Wednesday, February 08, 2006

The Metro (1982) – Berlin

“The Metro” showcases an arresting arrangement of synthesizers which cast an austere backdrop to Terri Nunn’s recollection of an erstwhile dissolution of a Parisian romance. Dual synthesizer lines simultaneously pulsate in a nimble sequence that pogos atop seven unique notes per measure, continually propelling the song’s momentum, yet maintaining a sense of apprehension. A tight drum machine, synthetic handclaps, and metallic hi-hats denote the hurried pace of rail transit. While the tale of a woman scorned in London is not remarkable in and of itself, the array of vivid and varied tones leaves a distinct impression of wartime and police sirens; time elapses in cascades and droplets of synthesizer. Nunn’s vocals are frigid in the verse, acrimonious in the chorus. Although the break-up occurred long ago, she remains emotionally imbued with pain. Her recital of very specific details of that episode discloses her preoccupation still: white clothing, dour weather, walks along the Seine River, hollow words. She imbibes to numb the bitterness, and ends up shattering her glass in indignation. A piercing sawtooth-wave synth washes in like the tide encircling Mont Saint Michel, as a slow filter sweeps across to add slight dynamics to the solo with shades of the Soviet Bloc. As the song comes to a close, a siren—complete with Doppler Effect—pans across the listening field. Perhaps a vial emptied of its sleeping pills lies next to the shards of broken glass.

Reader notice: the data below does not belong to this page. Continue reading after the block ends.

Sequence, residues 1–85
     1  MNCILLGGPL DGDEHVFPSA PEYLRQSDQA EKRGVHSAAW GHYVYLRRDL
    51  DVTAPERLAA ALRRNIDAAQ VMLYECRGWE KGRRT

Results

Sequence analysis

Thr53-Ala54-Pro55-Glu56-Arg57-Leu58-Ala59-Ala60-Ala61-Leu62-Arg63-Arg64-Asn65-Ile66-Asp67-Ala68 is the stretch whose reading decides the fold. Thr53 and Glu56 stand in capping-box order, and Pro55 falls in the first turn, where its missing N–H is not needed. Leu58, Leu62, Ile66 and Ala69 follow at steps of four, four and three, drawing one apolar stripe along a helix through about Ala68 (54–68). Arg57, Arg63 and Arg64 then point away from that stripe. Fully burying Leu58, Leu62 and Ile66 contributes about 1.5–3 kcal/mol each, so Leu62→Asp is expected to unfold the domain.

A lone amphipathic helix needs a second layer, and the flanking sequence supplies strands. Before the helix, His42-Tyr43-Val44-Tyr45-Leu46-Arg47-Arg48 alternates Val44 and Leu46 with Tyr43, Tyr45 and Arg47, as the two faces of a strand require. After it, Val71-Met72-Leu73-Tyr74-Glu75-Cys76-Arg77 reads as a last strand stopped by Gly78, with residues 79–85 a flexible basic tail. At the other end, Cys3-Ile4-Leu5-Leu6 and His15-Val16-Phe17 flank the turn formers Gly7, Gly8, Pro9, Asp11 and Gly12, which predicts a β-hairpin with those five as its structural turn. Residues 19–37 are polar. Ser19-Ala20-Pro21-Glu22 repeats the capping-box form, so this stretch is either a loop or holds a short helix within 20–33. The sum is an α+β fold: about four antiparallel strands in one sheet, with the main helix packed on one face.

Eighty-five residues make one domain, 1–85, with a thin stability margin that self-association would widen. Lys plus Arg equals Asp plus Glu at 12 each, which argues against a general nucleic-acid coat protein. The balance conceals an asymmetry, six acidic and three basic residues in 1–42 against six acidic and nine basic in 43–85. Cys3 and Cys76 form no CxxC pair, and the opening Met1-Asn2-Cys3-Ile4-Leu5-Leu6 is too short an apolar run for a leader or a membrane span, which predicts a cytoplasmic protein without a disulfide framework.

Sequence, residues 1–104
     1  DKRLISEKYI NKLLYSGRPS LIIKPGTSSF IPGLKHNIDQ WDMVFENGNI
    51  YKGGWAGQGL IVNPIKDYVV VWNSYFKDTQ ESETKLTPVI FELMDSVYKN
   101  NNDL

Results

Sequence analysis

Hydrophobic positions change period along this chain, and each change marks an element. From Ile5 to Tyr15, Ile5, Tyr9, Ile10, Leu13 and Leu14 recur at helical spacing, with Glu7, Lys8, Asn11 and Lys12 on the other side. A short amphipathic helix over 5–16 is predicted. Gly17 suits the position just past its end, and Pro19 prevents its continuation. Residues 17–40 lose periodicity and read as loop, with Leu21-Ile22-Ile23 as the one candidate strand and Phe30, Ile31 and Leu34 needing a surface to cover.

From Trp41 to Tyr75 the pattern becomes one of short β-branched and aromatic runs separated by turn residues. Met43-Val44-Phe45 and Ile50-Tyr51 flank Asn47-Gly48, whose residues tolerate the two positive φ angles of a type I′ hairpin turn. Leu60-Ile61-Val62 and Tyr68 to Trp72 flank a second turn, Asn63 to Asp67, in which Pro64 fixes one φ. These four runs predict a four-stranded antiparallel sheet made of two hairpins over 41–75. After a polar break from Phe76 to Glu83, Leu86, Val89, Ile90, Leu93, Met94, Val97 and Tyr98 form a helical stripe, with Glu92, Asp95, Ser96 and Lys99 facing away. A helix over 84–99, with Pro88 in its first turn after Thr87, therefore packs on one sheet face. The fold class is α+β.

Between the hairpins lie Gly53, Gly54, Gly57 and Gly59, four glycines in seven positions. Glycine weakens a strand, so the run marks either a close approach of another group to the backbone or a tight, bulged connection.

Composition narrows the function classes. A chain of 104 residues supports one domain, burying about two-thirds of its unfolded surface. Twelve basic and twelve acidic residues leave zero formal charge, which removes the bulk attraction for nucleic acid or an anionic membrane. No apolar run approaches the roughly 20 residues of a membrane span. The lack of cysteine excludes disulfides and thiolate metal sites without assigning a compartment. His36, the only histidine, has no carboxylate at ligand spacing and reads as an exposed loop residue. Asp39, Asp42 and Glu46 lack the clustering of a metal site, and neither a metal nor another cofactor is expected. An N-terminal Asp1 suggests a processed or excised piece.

• Listen to "The Metro" and purchase at iTunes Music Store.
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